Situated on the Olympic Peninsula on the north-west coast of Washington State, Olympic Biosphere Reserve and National Park is known for its ecosystem diversity, including the rugged glacier-capped mountails, wild Pacific coast and magnificent stands of old-growth and temperate rain forest.
Designation date: 1976
Regional network: EuroMab
Surface : 373,396 ha
- Core area(s): 373,396 ha
- Buffer zone(s): N/A
- Transition zone(s): N/A
Location: 47°29' to 48°11'N; 123°07' to 124°42'W
Glacier-clad peaks interspersed with extensive alpine meadows are surrounded by an extensive old growth forest, among which is the best example of intact and protected temperate rainforest in the Pacific Northwest. Characteristic trees are Sitka spruce (Picea sitchensis), western hemlock (Tsuga heterophylla) and western red cedar (Thuja plicata). Eleven major river systems drain the Olympic Mountains, offering some of the best habitats for anadromous fish species in the country. The area also includes 100 km of wilderness coastline, the longest undeveloped coast in the United States, and is rich in native and endemic animal and plant species, including critical populations of the endangered northern spotted owl (Strix occidentalis) and marbled murrelet (Brachyramphus marmoratus). The large coastal subspecies of Roosevelt elk (Cervus elaphus roosevelti) was first described in the Olympic Mountains and its protection was an important reason for establishing the national park in 1938. The area is also designated as World Heritage site.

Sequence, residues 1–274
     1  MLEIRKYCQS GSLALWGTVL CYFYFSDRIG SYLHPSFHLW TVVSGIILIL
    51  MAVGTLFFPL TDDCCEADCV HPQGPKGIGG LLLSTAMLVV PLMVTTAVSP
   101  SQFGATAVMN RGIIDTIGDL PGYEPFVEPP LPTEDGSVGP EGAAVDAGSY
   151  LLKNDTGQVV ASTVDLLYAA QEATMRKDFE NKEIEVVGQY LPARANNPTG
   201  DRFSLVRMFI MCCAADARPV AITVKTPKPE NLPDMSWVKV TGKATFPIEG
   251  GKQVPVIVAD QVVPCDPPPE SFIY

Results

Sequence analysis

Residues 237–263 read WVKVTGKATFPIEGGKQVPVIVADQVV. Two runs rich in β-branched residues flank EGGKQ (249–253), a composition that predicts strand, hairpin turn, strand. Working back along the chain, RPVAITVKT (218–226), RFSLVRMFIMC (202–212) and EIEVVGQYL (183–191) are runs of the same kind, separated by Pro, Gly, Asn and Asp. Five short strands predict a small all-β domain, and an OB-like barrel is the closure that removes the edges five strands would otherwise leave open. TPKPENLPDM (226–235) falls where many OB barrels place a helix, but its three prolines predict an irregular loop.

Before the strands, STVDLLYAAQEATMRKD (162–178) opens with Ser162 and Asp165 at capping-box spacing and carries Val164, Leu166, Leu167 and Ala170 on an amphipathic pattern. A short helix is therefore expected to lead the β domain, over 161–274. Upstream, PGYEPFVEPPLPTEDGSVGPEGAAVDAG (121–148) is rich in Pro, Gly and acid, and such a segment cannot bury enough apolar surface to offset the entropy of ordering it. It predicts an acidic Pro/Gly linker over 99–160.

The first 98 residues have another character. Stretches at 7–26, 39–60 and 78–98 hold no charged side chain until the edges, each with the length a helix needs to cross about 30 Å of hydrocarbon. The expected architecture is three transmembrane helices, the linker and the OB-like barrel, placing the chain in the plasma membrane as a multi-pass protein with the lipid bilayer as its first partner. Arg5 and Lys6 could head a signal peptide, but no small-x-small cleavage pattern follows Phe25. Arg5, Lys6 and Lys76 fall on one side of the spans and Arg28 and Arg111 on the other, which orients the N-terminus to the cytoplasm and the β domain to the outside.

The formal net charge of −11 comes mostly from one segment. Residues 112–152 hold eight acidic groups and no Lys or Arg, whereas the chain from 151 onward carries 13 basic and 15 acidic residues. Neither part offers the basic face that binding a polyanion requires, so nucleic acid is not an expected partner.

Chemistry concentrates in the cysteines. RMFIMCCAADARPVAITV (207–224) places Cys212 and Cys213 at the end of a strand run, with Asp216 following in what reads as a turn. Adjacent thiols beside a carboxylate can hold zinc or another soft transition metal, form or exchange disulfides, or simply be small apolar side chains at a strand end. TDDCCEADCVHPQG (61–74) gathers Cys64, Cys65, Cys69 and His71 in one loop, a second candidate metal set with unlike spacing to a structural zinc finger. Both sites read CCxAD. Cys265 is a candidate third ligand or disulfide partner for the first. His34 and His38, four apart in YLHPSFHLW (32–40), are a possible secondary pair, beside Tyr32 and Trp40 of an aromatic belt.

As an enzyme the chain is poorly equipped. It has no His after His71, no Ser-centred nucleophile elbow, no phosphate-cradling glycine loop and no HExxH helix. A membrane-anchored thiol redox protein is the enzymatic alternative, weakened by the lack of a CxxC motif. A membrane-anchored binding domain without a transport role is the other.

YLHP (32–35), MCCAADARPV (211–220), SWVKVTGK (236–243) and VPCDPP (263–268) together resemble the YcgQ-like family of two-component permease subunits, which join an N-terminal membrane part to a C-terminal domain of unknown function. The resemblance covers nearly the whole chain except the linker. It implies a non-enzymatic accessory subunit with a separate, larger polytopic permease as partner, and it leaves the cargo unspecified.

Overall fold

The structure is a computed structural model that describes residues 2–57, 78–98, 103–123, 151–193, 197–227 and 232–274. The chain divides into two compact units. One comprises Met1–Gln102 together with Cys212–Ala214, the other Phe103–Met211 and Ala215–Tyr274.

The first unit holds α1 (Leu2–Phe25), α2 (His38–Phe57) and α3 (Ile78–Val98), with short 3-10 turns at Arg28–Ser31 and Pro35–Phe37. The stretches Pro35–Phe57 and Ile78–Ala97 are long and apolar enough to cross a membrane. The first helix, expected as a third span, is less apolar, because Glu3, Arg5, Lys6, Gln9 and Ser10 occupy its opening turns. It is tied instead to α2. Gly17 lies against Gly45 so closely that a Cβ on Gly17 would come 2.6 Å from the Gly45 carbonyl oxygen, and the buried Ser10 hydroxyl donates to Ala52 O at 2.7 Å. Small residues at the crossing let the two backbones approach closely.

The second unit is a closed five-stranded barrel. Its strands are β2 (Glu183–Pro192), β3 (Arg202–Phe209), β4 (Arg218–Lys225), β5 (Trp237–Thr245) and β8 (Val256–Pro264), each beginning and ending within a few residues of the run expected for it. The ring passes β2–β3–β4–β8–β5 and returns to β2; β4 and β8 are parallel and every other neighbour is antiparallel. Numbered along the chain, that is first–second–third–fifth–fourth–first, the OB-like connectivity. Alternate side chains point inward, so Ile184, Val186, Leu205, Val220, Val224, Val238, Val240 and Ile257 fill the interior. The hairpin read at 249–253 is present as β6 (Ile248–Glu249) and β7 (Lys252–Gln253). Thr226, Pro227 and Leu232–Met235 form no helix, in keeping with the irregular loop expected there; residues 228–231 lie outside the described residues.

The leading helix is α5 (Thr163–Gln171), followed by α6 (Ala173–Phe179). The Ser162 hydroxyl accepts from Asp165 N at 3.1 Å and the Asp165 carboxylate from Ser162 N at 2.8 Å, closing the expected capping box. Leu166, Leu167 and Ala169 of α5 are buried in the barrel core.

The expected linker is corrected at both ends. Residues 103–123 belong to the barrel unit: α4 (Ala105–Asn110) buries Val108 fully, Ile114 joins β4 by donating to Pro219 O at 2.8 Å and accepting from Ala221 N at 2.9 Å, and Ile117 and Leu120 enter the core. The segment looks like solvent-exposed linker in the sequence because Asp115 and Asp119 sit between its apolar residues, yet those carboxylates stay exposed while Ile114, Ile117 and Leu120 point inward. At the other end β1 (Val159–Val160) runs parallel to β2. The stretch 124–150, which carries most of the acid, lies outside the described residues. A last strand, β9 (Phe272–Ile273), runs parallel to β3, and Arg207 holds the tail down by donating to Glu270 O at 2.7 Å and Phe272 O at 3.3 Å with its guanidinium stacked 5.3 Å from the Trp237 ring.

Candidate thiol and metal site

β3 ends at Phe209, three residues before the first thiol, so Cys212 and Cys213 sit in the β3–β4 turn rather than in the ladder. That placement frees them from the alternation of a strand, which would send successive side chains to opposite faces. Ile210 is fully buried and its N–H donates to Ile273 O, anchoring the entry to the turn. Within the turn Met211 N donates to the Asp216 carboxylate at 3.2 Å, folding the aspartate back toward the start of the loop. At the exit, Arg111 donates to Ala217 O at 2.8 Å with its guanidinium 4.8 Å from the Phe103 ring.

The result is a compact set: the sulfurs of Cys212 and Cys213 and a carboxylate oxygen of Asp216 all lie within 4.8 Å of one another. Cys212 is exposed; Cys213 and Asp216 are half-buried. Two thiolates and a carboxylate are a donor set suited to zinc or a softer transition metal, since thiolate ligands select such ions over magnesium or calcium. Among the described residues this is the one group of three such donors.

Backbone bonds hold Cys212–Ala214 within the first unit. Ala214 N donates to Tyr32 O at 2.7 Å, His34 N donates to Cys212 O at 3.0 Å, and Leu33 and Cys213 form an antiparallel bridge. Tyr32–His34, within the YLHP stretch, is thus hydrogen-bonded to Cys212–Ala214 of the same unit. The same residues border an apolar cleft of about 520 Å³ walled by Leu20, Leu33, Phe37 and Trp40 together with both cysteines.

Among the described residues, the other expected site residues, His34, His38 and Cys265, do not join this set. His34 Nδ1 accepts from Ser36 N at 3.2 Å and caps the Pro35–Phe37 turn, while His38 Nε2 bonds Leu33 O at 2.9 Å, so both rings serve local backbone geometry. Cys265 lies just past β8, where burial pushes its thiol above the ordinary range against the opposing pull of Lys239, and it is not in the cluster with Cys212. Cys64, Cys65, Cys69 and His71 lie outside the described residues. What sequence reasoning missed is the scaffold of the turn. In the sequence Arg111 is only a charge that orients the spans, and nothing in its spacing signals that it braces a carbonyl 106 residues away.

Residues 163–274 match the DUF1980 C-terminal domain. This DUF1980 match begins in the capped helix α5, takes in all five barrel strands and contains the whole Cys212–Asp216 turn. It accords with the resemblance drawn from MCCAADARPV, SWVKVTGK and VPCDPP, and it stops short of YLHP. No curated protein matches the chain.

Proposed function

No timber logging is permitted in the national park, however there is some illegal felling, rapidly increasing around the boundaries. Introduced mountain goats (Oreamnos americanus) have had an impact on high elevation communities.
About 3 million tourists annually visit the area. Several touristic trails have been designed and a website to support trip planning was launched with various downloadable contents, such as maps and information leaflets.
The Olympic Mountains are the traditional homeland of many Native American groups who have benefited from the rich natural resources of the forests and rivers.
Last updated: June 2019